September 11, 2021

How to plan the perfect Alabama tailgate

3.1 min read

Legend says that the first tailgating party before a college football game was in 1869, but it wasn’t until after the University of Alabama first hit the gridiron a couple of decades later that its rabid fans perfected the art of the pregame party.

For seven home-game weekends this fall—starting with the Crimson Tide’s Sept. 11 matchup with the Mercer Bears—the top social event of the season is marked by Saturdays spent on and near the Quad in Tuscaloosa.

(Gallettes Tuscaloosa/Facebook)

Bama tailgating has hard-and-fast rituals—“Roll Tide” greetings that home fans constantly share, ritual foods served to family and friends (even foes), the team’s Walk of Champions held a couple of hours before kickoff, and the Elephant Stomp pep rally featuring the Million Dollar marching band. 

Bama tailgating even has its own adult drink—the Yellowhammer, a potent, sweet mix of amaretto, vodka, rum, pineapple juice and orange juice that can be batch-made. If you don’t mix your own, Gallette’s on the Strip in T-town is the place to go to sample at least one.

Although reserved spots are available (fleetingly), most tailgating spaces on the campus are first-come, first-serve. Folks are allowed to set up starting at 6 p.m. Friday. Electricity is provided (no generators), but the school cuts the power 90 minutes after the game ends.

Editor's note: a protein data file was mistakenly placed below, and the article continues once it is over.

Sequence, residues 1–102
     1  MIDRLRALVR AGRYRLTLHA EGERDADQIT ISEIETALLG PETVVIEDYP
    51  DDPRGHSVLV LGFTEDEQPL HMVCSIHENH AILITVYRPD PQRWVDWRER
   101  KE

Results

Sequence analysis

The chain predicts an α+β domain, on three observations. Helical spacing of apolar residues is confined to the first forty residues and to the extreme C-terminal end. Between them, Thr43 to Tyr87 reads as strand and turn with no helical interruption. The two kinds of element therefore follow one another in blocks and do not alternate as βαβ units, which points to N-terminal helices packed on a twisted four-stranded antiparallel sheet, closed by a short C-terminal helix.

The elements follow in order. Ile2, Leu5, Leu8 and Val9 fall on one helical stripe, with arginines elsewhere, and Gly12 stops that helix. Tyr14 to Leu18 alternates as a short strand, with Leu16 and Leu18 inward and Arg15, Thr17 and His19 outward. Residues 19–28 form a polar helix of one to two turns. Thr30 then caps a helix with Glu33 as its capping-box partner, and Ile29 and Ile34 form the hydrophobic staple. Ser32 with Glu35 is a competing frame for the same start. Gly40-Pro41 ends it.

Many tailgate parties crank up around 8 a.m. Saturday, regardless of kickoff time, so it’s not unusual to find tailgate tents that start out serving breakfast before cranking up the grills for lunch.

Smoked meats and sides rank No. 1 at Bama tailgates. After all, the Tuscaloosa area is barbecue heaven.

Delicious debates will always rage about whether the ribs at the original Dreamland Bar-B-Q in Tuscaloosa beat those of the original Archibald’s in nearby Northport (a second location, Archibald and Woodrow’s BBQ opened in Tuscaloosa in 2002).

(UA Gameday/Facebook)

They’re both among the best anywhere, says Southern Living magazine. It recently ranked Archibald’s 9th and Dreamland 12th on its list of the 50 best barbecue joints in the entire South.

Some tailgaters coming in from greater Birmingham also stock up at Bob Sykes’ Bar-B-Q, off Interstate 20/59 in Bessemer. Eating its barbecue at Bama games is a tradition that dates to the 1950s when Bob and Maxine Sykes, before opening their restaurant in Bessemer, first started serving pit-cooked pork outside Birmingham’s Legion Field, where Alabama once played all of its “home” games.

Jim ’N Nick’s Bar-B-Q restaurant sells tailgating packages with enough smoked meats and sides to feed 10, 20, or 30 people. You can also find vendors selling barbecue in the Quad—including Full Moon BBQ.

Turnkey tailgating operations like Gameday Done Right also offer optional catering from local restaurants, including Urban Cookhouse, Brick and Spoon, Moe’s, and Newk’s.

The folks at ESPN, the sports network that has broadcast a Bama game or two, also recommend stopping by The Waysider for breakfast, FIVE restaurant for brunch, The Oasis for burgers, and The Houndstooth for game-day drinks.

Other popular eateries for an immersive Bama experience include Rama Jama’s and Nick’s Original Filet House (aka Nick’s in the Sticks).

Local breweries Druid City and Black Warrior throw their own in-house tailgate parties, plus sell beers to go. Or check out the “Crimson Crowlers” at Loosa Brews, 32-ounce cans of portable draft beer served from its 63 taps.

You don’t have to know all the words to the Rammer Jammer Yellow Hammer cheer to fit in on gameday at the University of Alabama. Just get started with some ‘cue and some brew.

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